Post #18: Reacting to Class Podcasts

Here it is, the last assigned blog post of the semester. Oh how far we’ve come. Today in class we got a chance to listen to some of the podcasts of the other groups in the class. Overall, I felt that they were really good and most of them proved to be interesting to listen to because of the energy brought to the discussion.

One thing that I liked about most of the podcasts played in class is that the structure of the discussion was much more like a conversation and less like a script. I think this was very effective in communicating the group member’s ideas in the discussion because it made their responses to questions and prompts feel much more genuine than how a script would sound. Along with this, I noticed that all of the podcasts we listened to were about topics that the members were interested in whether it be food, football, or winter olympic sports. I think this can apply to the podcast Alvin and I created, since we chose a topic that affects us and that we can relate to and therefore talk about more. Plus, in choosing a topic that is interesting the energy and mood conveyed to the audience translates as much more positive and therefore makes the audience interested in what you have to say.

I think that everyone in the class had fun with this assignment. Though it was much different than traditional writing assignments, everyone was able to put their own unique spin on the project to make it more interesting to them. I think it’s important to have students do projects that allow them to have this kind of freedom. In being able to choose your own topic students can choose something that is enticing to them, therefore giving them more motivation to complete the assignment. I’m glad that we were able to end the semester with projects that gave us more freedom as writers. I hope that in my writing future I am given more opportunities to have freedom in my work.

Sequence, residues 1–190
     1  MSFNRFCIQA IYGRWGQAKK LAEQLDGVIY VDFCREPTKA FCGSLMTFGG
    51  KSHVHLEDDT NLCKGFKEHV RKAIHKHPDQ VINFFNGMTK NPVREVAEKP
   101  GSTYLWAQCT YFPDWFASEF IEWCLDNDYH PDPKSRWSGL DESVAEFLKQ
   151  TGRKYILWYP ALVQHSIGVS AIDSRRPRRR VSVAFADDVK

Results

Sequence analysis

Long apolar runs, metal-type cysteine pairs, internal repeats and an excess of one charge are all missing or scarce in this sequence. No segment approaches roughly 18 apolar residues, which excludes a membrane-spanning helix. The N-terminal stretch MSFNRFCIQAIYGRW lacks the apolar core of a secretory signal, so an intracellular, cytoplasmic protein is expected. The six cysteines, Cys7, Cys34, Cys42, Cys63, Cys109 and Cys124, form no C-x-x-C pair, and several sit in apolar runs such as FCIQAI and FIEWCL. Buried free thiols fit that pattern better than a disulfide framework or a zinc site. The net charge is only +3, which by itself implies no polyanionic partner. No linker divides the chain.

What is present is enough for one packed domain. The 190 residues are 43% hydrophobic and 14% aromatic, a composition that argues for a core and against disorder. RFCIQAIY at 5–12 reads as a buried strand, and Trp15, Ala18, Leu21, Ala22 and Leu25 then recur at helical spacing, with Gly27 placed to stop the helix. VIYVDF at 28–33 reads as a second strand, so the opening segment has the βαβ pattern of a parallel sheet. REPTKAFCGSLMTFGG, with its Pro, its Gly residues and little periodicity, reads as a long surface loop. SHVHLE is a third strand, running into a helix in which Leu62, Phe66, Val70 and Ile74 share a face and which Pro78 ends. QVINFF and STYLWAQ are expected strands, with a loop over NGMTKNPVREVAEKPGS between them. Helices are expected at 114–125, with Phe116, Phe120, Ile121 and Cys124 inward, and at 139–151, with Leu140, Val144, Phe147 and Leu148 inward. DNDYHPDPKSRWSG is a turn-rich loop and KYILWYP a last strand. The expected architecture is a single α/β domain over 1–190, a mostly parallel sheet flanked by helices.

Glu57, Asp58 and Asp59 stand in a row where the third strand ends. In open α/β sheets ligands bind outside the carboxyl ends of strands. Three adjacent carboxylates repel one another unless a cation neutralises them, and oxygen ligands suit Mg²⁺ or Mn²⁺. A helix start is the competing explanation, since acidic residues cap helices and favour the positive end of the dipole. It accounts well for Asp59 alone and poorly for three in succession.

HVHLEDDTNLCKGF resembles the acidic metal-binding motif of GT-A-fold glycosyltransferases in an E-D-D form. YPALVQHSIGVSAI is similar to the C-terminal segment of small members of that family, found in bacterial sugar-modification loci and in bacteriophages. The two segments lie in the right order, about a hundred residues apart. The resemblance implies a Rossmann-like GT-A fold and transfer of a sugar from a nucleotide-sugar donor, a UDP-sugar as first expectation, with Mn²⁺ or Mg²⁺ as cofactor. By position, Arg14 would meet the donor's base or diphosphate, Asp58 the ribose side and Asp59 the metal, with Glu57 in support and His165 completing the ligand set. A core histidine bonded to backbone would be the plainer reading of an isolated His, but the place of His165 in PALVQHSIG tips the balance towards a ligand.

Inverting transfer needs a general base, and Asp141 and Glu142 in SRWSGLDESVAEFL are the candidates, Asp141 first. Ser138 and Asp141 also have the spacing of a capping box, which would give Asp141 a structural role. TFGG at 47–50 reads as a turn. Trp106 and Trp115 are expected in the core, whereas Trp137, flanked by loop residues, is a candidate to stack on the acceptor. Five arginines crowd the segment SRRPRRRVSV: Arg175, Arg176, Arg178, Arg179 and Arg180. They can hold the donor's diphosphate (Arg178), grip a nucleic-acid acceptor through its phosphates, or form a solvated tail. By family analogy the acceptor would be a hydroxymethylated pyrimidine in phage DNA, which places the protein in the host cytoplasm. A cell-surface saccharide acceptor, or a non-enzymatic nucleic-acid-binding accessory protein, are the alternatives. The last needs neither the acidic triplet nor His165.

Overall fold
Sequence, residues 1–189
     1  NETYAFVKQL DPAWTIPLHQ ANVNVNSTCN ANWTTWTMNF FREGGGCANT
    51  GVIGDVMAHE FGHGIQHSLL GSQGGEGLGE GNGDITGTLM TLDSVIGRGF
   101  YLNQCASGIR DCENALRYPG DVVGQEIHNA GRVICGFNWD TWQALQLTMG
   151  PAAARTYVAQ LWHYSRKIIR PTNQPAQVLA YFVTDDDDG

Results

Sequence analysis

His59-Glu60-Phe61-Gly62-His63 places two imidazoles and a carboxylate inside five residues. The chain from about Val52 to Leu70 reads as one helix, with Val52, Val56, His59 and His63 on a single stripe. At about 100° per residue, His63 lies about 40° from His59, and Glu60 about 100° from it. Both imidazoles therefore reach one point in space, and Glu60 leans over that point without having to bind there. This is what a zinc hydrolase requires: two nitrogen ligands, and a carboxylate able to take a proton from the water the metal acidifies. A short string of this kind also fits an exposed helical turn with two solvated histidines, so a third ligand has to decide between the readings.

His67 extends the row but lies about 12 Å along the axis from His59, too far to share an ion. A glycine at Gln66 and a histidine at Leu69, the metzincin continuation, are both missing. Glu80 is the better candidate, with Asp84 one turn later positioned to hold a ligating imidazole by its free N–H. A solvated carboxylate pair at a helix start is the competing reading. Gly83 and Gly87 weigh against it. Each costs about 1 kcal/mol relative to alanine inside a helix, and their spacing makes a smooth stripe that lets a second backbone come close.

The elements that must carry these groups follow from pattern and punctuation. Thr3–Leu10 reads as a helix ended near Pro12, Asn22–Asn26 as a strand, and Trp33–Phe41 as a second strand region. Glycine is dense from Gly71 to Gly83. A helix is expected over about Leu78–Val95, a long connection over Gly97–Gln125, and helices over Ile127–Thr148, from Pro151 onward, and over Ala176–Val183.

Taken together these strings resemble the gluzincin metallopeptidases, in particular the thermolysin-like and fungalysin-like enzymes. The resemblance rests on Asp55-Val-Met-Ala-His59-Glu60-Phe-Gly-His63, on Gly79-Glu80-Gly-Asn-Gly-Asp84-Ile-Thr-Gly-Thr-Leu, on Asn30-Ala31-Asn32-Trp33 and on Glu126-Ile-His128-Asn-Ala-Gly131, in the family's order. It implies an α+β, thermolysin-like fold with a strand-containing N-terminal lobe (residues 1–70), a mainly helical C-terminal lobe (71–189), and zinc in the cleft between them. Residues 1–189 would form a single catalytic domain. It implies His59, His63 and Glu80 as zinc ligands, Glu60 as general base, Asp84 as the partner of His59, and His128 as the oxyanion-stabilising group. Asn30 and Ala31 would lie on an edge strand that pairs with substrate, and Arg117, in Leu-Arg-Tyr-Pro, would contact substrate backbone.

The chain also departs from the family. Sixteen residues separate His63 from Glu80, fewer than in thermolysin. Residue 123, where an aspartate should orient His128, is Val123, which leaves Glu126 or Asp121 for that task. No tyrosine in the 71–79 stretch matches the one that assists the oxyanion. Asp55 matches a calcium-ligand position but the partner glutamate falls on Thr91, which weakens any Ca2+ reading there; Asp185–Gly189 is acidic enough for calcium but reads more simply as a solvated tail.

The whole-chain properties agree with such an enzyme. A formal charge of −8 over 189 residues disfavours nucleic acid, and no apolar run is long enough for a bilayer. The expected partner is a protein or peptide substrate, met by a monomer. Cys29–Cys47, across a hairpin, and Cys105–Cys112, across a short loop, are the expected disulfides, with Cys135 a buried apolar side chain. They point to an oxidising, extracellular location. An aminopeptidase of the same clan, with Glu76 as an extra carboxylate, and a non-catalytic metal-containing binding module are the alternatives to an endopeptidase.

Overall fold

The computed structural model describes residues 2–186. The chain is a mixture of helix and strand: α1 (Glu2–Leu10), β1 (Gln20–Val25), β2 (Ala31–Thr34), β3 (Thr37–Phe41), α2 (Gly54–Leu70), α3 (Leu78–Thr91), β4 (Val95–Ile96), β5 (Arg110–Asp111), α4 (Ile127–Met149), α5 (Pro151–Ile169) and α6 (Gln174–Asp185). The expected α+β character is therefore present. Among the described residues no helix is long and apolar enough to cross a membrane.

Post #17: The Podcast Experience

Finally, the podcast assignment is done and finished and ready to be submitted tomorrow night! It feels like we have had this podcast assignment looming over our friends for the longest time, so I am thankful to finally have it done.

Once Alvin and I got to work and we started focusing on the task at hand the process was not as difficult as we thought it would be. We went with the idea of discussing college relationships and the different experiences of two of our different friends. I wrote out the introduction and the conclusion and sent it to her to proof read. Then, Alvin went and interviewed Gabby and I went to interview Erin. After that, all four of us got together and we had a roundtable discussion about commitment and party culture. Though during the roundtable discussion we were all very giggly and laughing the recording process went much smoother then we though it was going to be, as did the recording of our introduction and conclusion.